Any coach can pull five or nine or 11 players together and execute an offense and a defense. And they will be a team. But will they be a strong team?
A couple of years ago, there was a movie called "The Avengers" that reminded me of what teamwork is. Pulling five people – or nine or 11 – together does not guarantee success as a team. And if your child plays sports – beginner or veteran – they may need reminders that a strong team can only be made up of members who understand what it means to be a team player.
If your children are old enough to see "The Avengers," you can use the movie’s message about teamwork to help them understand the five character traits of a strong team player.
A strong team player recognizes and accepts differences
In "The Avengers," every person on the Avenger team was different. Each had a particular strength. Each had a different personality. Each had a different history.
It’s important for members of a sports team to understand that, too. Your child needs to know that he doesn’t have to be like everyone else on the team. He is unique and brings his own set of strengths to the game.
A strong team player knows how to play to his strengths
The Avengers didn’t compare themselves to each other. They just did what they knew they could do.
It’s so easy for kids to compare themselves to others and think they are not as good or quick or big as a fellow teammate. Help your athlete figure out his strengths and know that what he brings to the team is a necessary ingredient. Encourage him to focus on doing that strength to the best of his ability.
My son and daughter both played basketball all the way through high school and understood the strengths they brought to the team. They did not compare themselves with other team members.
My daughter was a beast on defense, and my son was an excellent 3 point shooter. Both were smart passers with a vision for the court. Although both strived to be all-around good players, they knew their strengths and worked to make a difference on the team with those strengths.
A strong team player fights for a common cause
When the Avengers realized they needed to pull together in order to succeed, their determination to fight a common cause gave them strength.
Encourage your child to be a teammate who fights for a team win, not for an MVP award or to score the most points on the team or to be the team’s hero.
If your child plays on a team where players seem to care more about their own advancement rather than the team’s good, encourage him to set the example and show his teammates how a true team player fights for the team’s success, not his own.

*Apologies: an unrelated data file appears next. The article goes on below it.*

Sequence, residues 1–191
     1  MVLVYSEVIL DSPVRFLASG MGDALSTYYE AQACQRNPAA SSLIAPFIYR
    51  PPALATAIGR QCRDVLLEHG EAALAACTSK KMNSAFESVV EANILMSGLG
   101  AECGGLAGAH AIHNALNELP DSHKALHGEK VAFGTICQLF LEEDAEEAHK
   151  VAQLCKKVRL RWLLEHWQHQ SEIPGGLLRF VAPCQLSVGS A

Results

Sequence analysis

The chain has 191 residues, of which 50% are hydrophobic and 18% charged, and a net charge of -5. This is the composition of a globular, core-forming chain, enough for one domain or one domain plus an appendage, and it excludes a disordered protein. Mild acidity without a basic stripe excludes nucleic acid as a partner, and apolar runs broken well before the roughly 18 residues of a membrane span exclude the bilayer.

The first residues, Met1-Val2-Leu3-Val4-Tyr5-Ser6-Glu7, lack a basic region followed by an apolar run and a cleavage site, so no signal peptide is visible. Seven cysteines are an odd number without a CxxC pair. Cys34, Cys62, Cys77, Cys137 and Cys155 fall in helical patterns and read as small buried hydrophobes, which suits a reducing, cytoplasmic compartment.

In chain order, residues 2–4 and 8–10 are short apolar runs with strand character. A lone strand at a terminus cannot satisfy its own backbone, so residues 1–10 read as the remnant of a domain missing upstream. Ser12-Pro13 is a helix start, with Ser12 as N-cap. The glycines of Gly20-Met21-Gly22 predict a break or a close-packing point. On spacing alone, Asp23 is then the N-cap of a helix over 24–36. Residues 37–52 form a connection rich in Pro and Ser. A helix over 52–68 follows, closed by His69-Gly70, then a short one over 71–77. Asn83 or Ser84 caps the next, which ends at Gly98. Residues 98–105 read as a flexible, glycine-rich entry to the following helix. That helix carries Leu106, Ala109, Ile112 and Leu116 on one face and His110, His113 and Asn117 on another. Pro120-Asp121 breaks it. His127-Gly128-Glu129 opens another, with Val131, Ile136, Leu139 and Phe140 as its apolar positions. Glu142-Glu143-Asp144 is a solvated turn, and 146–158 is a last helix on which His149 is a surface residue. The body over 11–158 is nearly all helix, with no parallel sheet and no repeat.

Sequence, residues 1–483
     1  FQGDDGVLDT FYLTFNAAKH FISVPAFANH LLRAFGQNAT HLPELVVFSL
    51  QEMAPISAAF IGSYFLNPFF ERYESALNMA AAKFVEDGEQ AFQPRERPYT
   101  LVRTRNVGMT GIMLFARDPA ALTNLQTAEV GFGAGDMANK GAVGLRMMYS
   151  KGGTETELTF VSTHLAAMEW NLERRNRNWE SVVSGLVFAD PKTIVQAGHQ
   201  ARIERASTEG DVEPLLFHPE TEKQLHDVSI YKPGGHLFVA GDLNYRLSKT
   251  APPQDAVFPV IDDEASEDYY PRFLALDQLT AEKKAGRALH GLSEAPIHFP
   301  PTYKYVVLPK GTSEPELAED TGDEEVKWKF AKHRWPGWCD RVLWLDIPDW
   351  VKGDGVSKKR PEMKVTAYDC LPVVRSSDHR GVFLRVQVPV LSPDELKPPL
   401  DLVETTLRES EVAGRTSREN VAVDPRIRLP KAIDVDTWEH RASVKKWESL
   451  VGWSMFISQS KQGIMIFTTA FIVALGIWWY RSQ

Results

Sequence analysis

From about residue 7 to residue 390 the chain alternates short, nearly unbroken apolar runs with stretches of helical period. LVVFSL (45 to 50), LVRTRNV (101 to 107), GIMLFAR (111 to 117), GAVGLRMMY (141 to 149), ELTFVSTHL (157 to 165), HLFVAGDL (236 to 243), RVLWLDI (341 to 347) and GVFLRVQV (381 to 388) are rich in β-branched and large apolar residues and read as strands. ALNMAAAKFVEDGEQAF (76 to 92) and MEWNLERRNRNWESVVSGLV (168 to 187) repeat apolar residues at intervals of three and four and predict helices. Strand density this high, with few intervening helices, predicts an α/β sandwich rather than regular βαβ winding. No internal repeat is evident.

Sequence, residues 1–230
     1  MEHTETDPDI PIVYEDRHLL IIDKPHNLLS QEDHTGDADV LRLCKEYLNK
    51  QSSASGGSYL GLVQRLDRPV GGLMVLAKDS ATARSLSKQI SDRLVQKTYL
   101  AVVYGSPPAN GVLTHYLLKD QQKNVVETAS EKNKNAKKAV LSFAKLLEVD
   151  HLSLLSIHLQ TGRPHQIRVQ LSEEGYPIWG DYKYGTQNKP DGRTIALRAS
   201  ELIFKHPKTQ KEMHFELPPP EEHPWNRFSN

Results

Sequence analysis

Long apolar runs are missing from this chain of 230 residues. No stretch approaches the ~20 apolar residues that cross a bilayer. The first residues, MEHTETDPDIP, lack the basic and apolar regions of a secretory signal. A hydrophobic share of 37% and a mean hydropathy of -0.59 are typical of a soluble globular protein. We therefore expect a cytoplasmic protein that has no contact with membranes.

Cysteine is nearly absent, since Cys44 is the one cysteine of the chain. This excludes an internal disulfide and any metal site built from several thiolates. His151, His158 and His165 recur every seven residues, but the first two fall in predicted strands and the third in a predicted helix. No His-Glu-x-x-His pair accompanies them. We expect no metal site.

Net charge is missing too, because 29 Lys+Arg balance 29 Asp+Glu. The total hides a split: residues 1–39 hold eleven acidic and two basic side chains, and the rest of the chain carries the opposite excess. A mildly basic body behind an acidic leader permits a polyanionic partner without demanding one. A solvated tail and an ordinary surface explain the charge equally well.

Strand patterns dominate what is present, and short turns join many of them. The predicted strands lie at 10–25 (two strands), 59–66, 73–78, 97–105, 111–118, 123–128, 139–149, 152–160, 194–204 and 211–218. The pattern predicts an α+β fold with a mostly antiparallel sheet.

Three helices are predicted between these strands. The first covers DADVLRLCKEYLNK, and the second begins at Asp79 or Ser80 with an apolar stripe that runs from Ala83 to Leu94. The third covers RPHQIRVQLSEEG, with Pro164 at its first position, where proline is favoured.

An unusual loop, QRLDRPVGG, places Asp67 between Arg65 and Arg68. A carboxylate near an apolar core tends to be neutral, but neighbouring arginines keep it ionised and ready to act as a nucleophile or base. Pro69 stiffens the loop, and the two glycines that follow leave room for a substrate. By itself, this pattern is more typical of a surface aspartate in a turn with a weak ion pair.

A strong team player laughs with his teammates
As a sports parent, if your child’s team does not provide the opportunity for the kids to bond outside of practice, be the first to give them that chance.
Have a potluck barbecue with team families and let the kids have fun together playing games or swimming. Bonding outside of practice does wonders for team unity. And team unity does wonders for team success and satisfaction.
My husband made a point of taking his varsity softball team on overnight playing trips, not just to play teams out of the area but to give the girls an opportunity to have fun and bond together.
I didn’t see "The Avengers" enjoying each other’s company until the end of the movie when a couple of them drove off in a car together. They were newly acquainted in this movie, so the bonding has just begun, I’m presuming. Stay tuned for further team bonding in Avenger movies to come.
A strong team player has his teammate's back
"The Avengers" didn’t have this down until the movie neared the end. As they began fighting for a common cause, they began showing up to help each other out, often just in the nick of time.
Help your child understand that teammates need to know they can depend on each other. Teammates should not be backbiting or fighting each other. It’s important for teammates to be able to trust each other.
An Avenger for life
Once your child understands that strong team players make one heck of a strong team, he has learned a lesson that will benefit him for life. There will be other teams in his future, whether it’s at work or in the home and learning to be a team player is a skill he needs to learn.
Janis B. Meredith, sports mom and coach’s wife, writes a sports parenting blog called JBM Thinks. Check out her Sports Parenting Survival Guide Series with survival guides for football, softball, basketball and volleyball moms.